Despite the fact that half the band can’t legally drink, and having only formed 18 months ago, The Sink or Swim prove a musician doesn’t have to be a veteran of the music scene to make a splash there.
Comprised of guitarist and vocalist Nate Zeune, drummer Lou Resnick, bassist Niel Erlich and guitarist/keyboardist Derek Rossman, The Sink or Swim is coming of age during a pivotal time in the Phoenix music scene, and show no signs of stopping.
How long have you guys been playing music as The Sink or Swim?
Erlich: The Sink or Swim has been a band for about a year and a half.
Derek actually joined about a month ago, so he hasn’t been playing with us for that long. Three of us are from Ohio, Nate and Derek and then me, I’m from Arizona. I’ve been here since about 2005.
How would you compare the music scene in Ohio to that in Phoenix?
Resnick: … In Phoenix, we’ve become friends with bands and the people who put shows on … and it just seems a lot more united. People are wondering what’s going on every night of the week, like what kind of shows there are. There’s also a lot more people involved as far as media goes … people trying to be photographers, videographers, writing articles for music; it makes the whole scene kind of connect and get bigger because it’s more exposure over and over. It just seems like people care more than in Ohio…
What about the environment in Phoenix inspires the band musically and creatively?
Resnick: When we were writing our first EP, it was a lot of us reflecting on what had just happened. We left a lot behind and we’re starting something new. The song “On the Run,” we literally wrote sitting in our car on top of a mountain just jamming out in the car to a riff that Nate had been working on and honestly just looking out at the Valley. So literally, directly, the environment here influenced us in the beginning and its just kind of shaped us now…Overall, it’s just started to feel like home because of what we’ve created here.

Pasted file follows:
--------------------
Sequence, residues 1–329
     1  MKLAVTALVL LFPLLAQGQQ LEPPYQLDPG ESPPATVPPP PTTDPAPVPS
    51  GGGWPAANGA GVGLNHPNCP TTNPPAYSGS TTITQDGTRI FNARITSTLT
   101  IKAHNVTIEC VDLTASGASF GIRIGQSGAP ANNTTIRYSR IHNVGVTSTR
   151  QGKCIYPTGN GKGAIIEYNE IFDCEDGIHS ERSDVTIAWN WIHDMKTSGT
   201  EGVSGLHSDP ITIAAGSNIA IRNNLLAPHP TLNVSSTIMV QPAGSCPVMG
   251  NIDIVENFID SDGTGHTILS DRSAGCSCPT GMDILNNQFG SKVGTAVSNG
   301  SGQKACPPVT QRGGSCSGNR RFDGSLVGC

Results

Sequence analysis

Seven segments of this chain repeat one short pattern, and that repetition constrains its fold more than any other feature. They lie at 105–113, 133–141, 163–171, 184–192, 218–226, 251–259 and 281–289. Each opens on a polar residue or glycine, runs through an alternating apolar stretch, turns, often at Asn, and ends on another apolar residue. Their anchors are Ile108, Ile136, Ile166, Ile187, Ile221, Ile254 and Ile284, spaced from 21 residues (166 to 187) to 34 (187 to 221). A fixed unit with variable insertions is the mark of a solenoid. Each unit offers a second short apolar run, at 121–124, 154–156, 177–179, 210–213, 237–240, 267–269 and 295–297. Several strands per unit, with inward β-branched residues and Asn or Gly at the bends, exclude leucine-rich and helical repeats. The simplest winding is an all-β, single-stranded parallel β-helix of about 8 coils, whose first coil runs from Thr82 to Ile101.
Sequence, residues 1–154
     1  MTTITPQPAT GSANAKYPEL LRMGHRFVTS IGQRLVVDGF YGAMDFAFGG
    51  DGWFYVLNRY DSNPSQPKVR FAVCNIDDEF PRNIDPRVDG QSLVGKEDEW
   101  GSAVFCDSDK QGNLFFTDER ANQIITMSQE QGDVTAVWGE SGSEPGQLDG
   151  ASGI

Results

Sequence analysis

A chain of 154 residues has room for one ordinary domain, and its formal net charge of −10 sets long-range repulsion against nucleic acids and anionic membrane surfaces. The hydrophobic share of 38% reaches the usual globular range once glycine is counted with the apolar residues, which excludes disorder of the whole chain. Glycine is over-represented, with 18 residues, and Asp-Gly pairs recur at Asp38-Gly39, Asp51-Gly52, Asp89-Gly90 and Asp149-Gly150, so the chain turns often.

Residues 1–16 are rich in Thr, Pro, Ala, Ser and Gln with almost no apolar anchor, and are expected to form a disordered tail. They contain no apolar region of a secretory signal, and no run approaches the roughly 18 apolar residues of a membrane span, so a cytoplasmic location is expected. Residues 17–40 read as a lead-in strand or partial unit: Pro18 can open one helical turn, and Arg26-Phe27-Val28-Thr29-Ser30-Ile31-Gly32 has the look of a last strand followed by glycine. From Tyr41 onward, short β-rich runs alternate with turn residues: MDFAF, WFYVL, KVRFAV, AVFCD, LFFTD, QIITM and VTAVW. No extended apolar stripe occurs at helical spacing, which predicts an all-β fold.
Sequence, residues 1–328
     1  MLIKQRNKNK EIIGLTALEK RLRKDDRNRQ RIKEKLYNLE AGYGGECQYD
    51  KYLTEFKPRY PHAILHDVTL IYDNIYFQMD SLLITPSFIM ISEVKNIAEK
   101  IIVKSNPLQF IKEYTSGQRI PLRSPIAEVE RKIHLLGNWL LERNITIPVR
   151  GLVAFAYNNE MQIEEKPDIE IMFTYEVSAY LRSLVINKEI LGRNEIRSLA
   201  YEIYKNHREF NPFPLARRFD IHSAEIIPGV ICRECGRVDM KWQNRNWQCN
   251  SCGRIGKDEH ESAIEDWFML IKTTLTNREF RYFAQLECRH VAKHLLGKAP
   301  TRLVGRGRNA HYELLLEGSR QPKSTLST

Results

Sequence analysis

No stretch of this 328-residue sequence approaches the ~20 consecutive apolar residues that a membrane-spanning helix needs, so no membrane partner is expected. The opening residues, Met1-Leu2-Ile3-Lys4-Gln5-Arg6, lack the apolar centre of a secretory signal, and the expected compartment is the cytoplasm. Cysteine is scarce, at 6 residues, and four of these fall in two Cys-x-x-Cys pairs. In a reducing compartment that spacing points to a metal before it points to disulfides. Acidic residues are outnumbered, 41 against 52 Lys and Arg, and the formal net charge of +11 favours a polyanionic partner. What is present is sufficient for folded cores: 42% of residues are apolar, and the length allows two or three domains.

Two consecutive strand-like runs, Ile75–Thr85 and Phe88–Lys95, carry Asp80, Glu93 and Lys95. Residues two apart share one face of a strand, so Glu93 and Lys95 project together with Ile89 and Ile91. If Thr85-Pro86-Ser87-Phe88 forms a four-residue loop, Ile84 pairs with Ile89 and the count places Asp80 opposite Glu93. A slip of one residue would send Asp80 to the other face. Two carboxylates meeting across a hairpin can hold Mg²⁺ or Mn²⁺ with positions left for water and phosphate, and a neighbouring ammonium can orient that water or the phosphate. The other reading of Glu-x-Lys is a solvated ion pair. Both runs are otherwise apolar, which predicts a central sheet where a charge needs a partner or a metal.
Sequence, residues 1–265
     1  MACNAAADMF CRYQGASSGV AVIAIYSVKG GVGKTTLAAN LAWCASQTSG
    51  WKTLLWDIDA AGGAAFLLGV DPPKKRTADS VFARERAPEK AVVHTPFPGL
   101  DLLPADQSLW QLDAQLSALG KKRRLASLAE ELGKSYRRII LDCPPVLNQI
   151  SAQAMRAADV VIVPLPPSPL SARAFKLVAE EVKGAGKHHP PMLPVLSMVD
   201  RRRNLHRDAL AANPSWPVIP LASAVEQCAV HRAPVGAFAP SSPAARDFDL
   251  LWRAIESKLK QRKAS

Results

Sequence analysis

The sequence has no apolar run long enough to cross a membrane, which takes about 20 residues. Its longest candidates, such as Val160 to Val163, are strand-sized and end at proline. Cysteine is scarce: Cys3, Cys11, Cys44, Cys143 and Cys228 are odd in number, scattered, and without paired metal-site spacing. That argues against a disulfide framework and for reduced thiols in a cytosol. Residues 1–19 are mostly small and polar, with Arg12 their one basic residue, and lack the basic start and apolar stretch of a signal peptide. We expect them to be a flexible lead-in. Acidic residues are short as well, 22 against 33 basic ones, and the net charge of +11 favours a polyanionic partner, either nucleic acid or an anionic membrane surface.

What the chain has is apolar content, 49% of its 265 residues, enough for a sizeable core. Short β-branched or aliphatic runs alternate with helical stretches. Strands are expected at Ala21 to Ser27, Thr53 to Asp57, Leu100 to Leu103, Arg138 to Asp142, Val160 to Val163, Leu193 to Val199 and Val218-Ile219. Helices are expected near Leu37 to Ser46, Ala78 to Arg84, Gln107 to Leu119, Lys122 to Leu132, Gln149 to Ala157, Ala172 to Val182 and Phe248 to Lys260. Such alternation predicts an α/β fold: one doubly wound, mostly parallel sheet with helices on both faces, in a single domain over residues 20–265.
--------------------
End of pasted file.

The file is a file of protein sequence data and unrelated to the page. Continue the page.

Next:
Name some of your biggest influences.
Resnick: Arctic Monkeys are my favorite band right now. My favorite drummers are Neil Peart and John Bonham and I like a lot of ‘70s music as well.
Erlich: My favorite band is definitely the Red Hot Chili Peppers and my number one influence on bass is Flea. I love Victor Wooten and Jaco Pastorius; those are some of the great bass players of any generation.
Zeune: My biggest influences musically are, Pink Floyd, mostly Roger Waters, The Beatles. Those are the two I go to on a daily basis and listen to and I wouldn’t necessarily say draw things from, but obviously it influences me my writing to an extent.
Rossman: I’d have to say my biggest influences musically would be The Beatles. I grew up listening to The Beatles, since I was two-years-old, probably Paul Simon, Simon and Garfunkel … one of my biggest inspirations when it comes to songwriting. Electric Light Orchestra would be another one. And my guilty pleasure is definitely The Bee Gees, like I will dance until The Bee Gees are turned off…
You guys seem to vibe really well together. Does it ever feel like work? Or is it always a party?
Rossman: It really depends on our mood, but normally it’s not work, like we’re hanging out playing music; it’s what we want to be doing. Like anyone that gets to be in a touring band and record music and make a living that way, I don’t feel like they think they’re working. We all work so we can come home and play music.
How did you guys get involved with the Mesa Music Festival?
Zeune: We found out about it last year, which was the first year it was happening. We found out about it online, and then we just paid the $30 fee, which I borrowed from my sister and never paid her back. We played at Queens Pizza … We had a great time and it was awesome; we hung out there for the rest of the night. We gave stickers to fans, we talked to some bands that we knew and we met some new bands. This year, we thought, ‘Why not just do it again?’ because we had a blast last time.